After studying traditional theories of economic growth and their limits, students on this unit are exposed to the theory and evidence coming from cutting-edge research into economic development. For example, in a recently published study on ‘growth-friendly dictatorships’, Dr. Sekeris and his co-authors give particular emphasis to the relationship between income inequality and support for dictatorial regimes. Students are shown that when a small and influential part of the population owns a significant share of the country’s productive resources, these individuals will rationally favour a growth-friendly dictatorial regime as opposed to a democratic regime taxing the rich to redistribute to the poor majority. Students also see how empirical evidence supports this theory, which helps explaining the longevity of market-oriented dictatorships such as Augusto Pinochet in Chile (1974-1990).
Competition Policy and Regulation
In the Competition Policy and Regulation unit, Dr. Evangelos Mitrokostas integrates the findings from his research into regulation policies and competition strategies, corporate social responsibility (CSR), innovation, managerial delegation and advertising. In lectures dedicated to current CSR issues, Dr. Mitrokostas examines corporate governance and certification of CSR activities in imperfectly competitive markets, showing how firms can demonstrate their commitment to CSR by designing appropriate compensation schemes for their managers.
Classes in this unit also examine the role of regulatory authorities, non-government organisations and private companies with respect to the certification of CSR activities. Students benefit from this research by seeing how the basic models of oligopoly can be extended to examine a range of topical issues, such as quality differentiation through CSR, signalling practices through the use of strategic delegates, or the pricing of new innovations. These findings clearly demonstrate how strategic incentives to depart from the assumed objective of profit maximization can ultimately affect a firm’s position in the market.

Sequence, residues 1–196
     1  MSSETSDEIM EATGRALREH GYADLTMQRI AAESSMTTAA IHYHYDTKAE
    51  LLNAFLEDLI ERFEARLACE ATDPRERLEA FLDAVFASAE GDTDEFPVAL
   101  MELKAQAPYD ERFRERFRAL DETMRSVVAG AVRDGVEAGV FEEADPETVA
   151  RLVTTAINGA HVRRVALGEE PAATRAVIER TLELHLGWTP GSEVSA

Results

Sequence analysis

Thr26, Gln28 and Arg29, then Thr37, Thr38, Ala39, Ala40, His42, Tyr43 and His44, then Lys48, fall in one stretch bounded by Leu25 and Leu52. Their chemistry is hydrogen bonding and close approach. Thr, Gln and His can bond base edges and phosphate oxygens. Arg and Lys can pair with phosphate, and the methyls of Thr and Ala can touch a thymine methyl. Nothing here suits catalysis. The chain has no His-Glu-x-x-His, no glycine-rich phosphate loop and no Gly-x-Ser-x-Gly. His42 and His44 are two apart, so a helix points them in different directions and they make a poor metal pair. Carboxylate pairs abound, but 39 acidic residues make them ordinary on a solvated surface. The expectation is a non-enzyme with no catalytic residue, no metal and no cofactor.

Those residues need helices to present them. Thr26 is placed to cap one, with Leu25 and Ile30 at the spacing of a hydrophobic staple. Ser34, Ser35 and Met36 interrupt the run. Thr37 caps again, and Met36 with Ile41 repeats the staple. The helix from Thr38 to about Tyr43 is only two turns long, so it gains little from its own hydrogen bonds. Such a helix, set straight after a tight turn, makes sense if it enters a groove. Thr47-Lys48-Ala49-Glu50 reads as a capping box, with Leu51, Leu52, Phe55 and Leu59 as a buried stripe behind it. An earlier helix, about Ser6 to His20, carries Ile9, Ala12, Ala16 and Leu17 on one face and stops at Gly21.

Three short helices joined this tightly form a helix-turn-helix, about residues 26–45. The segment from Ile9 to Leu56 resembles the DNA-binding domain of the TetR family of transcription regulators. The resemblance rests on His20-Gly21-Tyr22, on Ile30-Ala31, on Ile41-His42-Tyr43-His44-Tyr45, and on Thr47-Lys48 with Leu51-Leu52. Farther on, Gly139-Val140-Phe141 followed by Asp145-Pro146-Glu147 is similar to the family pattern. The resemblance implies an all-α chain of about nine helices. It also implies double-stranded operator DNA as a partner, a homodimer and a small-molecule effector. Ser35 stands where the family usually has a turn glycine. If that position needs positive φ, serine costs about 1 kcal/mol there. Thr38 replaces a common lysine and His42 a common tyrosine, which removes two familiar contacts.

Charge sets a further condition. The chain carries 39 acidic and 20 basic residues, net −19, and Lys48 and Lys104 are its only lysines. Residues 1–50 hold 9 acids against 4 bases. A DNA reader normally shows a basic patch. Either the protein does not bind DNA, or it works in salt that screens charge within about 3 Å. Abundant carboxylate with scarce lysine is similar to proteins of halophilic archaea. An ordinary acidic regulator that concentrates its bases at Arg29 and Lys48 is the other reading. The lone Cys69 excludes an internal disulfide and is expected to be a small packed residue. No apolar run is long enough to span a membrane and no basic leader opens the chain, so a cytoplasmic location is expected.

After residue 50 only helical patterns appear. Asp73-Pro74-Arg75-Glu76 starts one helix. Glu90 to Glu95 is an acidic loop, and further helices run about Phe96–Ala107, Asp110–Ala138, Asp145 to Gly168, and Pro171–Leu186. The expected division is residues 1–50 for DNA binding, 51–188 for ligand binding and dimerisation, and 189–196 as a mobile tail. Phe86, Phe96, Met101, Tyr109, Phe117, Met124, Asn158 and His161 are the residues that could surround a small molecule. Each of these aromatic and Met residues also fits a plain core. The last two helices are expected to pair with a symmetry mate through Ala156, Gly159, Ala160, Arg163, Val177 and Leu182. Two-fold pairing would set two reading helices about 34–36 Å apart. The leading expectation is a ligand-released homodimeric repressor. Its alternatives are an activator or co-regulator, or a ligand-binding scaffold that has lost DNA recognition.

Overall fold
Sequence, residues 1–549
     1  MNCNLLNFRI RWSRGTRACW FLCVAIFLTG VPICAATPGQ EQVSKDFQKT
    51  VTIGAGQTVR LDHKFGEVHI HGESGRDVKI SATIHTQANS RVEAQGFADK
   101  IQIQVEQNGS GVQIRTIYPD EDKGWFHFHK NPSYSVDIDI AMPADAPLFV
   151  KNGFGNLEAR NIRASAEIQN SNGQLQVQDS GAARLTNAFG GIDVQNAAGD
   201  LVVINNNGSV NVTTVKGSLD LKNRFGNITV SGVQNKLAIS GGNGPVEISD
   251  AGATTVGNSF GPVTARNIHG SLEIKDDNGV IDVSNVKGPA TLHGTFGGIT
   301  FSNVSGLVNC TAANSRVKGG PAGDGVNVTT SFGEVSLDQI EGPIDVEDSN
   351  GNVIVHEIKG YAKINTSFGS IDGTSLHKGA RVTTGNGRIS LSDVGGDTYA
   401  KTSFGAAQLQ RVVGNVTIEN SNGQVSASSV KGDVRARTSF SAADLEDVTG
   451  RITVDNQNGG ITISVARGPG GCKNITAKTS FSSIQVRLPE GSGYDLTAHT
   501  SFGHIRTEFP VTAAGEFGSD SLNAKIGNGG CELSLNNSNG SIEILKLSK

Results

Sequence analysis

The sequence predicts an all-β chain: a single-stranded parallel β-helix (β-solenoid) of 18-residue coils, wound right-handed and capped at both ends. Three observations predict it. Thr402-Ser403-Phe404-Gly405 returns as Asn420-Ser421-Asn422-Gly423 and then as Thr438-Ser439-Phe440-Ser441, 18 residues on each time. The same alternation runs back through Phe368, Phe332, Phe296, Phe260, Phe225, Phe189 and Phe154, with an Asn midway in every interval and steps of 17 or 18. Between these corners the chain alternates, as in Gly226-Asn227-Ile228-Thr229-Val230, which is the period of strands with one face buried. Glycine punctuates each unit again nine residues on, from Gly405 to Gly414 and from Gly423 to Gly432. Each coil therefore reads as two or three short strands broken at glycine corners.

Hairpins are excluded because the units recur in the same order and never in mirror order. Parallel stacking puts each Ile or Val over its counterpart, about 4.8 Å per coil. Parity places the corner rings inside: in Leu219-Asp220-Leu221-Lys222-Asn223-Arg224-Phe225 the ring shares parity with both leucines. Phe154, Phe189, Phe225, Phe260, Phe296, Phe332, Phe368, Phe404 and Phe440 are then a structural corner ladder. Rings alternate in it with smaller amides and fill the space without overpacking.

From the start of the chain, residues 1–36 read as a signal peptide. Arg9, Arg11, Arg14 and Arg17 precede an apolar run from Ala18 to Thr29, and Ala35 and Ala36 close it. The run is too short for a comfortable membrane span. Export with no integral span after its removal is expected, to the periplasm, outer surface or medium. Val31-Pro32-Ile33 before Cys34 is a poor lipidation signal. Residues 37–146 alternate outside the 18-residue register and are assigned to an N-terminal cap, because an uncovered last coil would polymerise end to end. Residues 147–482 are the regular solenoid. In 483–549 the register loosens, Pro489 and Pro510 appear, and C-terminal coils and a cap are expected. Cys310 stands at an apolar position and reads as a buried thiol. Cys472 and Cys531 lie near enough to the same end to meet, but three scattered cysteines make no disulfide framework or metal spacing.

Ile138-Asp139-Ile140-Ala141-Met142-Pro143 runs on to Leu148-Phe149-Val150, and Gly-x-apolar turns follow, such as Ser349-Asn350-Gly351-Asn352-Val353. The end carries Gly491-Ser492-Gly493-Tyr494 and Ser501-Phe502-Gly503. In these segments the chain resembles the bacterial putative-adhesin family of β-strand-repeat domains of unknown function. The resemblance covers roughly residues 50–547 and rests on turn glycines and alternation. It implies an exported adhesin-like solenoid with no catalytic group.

Economics of Crime and Social Issues
In the Economics of Crime and Social Issues unit, research from both Staff and Dr. Joe Cox show how economic principles and techniques can be used to understand a broad range of different problems and issues facing society. Professor Collins has published widely in the area of economics and crime. His research is used to show students how consumers and producers respond to incentives in a range of criminal markets, such as illegal drugs and prostitution. The combination of theoretical modelling and empirical evidence arising from his research demonstrates to students how these markets can be controlled and how behaviours can be changed by policy makers to minimise the extent to which they cause social harm.